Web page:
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NGC 6872: Galaxy Collision Switches on Black Hole

  • NGC 6872 and IC 4970 are two galaxies in the process of merging

  • IC 4970 is the small galaxy at the top of the image that, thanks to Chandra and Spitzer data, is shown to contain an active supermassive black hole

  • It was puzzling where IC 4970 got its fuel supply since observations reveal a lack of material surrounding the black hole

  • The new results show IC 4970 has stripped cold gas from NGC 6872 and is using it to feed its growing black hole

This composite image of data from three different telescopes shows an ongoing collision between two galaxies, NGC 6872 and IC 4970 (roll your mouse over the image above). X-ray data from NASA's Chandra X-ray Observatory is shown in purple, while Spitzer Space Telescope's infrared data is red and optical data from ESO's Very Large Telescope (VLT) is colored red, green and blue.

Astronomers think that supermassive black holes exist at the center of most galaxies. Not only do the galaxies and black holes seem to co-exist, they are apparently inextricably linked in their evolution. To better understand this symbiotic relationship, scientists have turned to rapidly growing black holes — so-called active galactic nucleus (AGN) — to study how they are affected by their galactic environments.

The latest data from Chandra and Spitzer show that IC 4970, the small galaxy at the top of the image, contains an AGN, but one that is heavily cocooned in gas and dust. This means in optical light telescopes, like the VLT, there is little to see. X-rays and infrared light, however, can penetrate this veil of material and reveal the light show that is generated as material heats up before falling onto the black hole (seen as a bright point-like source).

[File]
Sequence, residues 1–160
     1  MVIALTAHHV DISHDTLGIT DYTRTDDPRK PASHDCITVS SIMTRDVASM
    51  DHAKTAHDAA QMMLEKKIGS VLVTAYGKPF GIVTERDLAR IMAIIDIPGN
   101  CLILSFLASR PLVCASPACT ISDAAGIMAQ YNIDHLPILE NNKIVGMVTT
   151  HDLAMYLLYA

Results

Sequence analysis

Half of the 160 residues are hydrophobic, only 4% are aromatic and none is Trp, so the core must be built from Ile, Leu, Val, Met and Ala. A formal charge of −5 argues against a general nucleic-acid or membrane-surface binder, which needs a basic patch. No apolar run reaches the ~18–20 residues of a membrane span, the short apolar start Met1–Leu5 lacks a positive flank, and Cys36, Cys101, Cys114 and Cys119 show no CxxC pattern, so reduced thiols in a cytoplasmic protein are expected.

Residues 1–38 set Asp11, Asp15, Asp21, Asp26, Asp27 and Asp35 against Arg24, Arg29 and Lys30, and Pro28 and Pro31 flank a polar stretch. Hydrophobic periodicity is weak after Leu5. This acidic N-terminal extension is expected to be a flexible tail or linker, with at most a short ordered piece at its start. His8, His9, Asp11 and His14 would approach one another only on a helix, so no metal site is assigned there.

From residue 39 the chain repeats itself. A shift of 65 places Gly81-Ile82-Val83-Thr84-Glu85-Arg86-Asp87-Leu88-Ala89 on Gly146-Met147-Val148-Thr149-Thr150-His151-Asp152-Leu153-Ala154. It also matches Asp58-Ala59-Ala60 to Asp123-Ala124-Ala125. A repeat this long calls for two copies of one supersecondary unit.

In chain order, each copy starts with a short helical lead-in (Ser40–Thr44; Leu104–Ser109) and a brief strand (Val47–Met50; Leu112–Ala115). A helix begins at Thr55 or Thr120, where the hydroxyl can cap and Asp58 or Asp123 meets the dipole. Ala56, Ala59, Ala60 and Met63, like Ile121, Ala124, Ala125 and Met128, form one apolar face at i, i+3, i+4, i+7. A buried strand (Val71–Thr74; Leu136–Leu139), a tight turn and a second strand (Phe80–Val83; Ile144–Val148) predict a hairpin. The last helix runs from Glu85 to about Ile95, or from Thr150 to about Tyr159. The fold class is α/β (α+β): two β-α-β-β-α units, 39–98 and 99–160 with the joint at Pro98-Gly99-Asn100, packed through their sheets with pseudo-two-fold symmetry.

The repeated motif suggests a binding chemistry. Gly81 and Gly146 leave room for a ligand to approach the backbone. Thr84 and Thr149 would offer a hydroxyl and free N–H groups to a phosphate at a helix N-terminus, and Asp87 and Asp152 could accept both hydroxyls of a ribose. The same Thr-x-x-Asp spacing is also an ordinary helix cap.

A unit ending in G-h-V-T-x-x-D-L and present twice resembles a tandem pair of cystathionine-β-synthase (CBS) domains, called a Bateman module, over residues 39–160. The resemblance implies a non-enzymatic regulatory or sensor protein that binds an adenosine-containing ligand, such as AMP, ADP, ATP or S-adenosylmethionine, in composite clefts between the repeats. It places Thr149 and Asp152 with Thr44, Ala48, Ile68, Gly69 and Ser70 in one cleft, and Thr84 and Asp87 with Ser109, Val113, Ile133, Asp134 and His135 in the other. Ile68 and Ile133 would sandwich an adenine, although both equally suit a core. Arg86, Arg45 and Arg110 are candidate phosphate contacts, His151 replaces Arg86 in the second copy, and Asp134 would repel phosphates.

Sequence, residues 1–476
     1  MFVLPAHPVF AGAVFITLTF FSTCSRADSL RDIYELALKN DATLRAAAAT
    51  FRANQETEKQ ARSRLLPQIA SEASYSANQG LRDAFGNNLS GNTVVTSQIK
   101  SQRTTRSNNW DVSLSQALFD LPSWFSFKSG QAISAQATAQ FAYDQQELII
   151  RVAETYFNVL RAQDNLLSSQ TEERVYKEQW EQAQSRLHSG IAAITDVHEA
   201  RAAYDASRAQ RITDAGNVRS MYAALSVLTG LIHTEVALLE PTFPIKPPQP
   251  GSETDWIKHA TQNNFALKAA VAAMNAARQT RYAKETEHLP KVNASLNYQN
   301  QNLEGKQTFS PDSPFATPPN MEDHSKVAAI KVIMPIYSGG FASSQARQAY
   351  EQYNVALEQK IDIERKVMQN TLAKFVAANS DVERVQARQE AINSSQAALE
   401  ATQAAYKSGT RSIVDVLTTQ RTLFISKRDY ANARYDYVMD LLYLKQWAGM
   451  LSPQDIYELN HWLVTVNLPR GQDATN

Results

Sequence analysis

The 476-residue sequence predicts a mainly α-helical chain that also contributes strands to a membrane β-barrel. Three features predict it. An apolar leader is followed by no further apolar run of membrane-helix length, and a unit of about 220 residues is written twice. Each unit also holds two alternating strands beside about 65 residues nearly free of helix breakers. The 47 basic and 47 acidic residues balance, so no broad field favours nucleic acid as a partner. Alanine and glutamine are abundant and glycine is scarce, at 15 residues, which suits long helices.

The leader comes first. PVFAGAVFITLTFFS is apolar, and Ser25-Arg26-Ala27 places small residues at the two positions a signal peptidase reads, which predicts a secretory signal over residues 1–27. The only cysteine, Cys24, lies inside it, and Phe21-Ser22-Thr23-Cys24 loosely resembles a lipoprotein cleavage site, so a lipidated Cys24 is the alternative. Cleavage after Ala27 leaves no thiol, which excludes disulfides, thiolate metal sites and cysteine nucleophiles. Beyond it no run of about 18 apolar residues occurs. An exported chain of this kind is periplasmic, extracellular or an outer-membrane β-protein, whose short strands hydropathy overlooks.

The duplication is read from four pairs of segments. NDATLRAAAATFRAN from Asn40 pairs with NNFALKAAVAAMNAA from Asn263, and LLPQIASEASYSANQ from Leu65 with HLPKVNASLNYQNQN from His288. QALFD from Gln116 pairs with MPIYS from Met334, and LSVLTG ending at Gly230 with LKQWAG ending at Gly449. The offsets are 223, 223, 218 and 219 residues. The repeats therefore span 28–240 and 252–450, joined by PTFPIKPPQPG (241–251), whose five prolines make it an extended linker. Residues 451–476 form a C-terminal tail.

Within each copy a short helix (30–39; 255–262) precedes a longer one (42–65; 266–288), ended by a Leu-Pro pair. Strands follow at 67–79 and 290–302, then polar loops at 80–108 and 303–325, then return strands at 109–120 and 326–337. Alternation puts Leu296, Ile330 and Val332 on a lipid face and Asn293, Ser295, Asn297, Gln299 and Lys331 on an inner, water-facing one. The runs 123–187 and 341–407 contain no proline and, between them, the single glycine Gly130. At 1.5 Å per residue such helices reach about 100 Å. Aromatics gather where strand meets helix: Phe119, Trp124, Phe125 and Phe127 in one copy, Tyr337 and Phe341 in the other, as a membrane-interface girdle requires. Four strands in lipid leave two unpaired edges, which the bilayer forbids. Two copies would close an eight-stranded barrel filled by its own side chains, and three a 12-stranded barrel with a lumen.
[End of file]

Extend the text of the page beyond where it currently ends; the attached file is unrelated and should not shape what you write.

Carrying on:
Despite this obscuring gas and dust around IC 4970, the Chandra data suggest that there is not enough hot gas in IC 4970 to fuel the growth of the AGN. Where, then, does the food supply for this black hole come from? The answer lies with its partner galaxy, NGC 6872. These two galaxies are in the process of undergoing a collision, and the gravitational attraction from IC 4970 has likely pulled over some of NGC 6872's deep reservoir of cold gas (seen prominently in the Spitzer data), providing a new fuel supply to power the giant black hole.

Fast Facts for NGC 6872:
Credit  X-ray: NASA/CXC/SAO/M.Machacek; Optical: ESO/VLT; Infrared: NASA/JPL/Caltech
Release Date  December 10, 2009
Scale  Image is 347 arcsec across (310,000 light years)
Category  Normal Galaxies & Starburst Galaxies
Coordinates (J2000)  RA 20h 16m 57s | Dec -70° 46´ 06"
Constellation  Pavo
Observation Date  December 14 & 16, 2005
Observation Time  21 hours
Obs. ID  7248, 7059
Instrument  ACIS
References Machacek, et al., 2008 ApJ 674 142-150
Color Code  X-ray (Purple); Optical (Red, Green, Blue); Infrared (Dark Red)
Distance Estimate  About 180 million light years
distance arrow
Visitor Comments (4)

Entranced by Science and Discovery and Nat Geo channels. But can you get a bit of time on evening news so that the wondrous things happening in our own universe can be understood or at least the words can be in more people's memory banks. Just a little news is better than none. Thanks C.

Posted by Carolyn Neuman on Tuesday, 10.16.12 @ 14:00pm

Thanks for your question. The collision has already started and will continue for many millions of years.

P. Edmonds for CXC

Posted by P. Edmonds on Wednesday, 03.3.10 @ 10:50am

Is there an estimation in time about when the collision will take place?
Regards De Mitri M

Posted by Maurizio De Mitri - Italy on Thursday, 02.18.10 @ 04:59am

I know that the process of galactic collisions take a very long time. What is the evidences that, told you that these two are in the process of colliding?

Marvin L. S.

Posted by Marvin L. S. on Friday, 12.11.09 @ 01:29am

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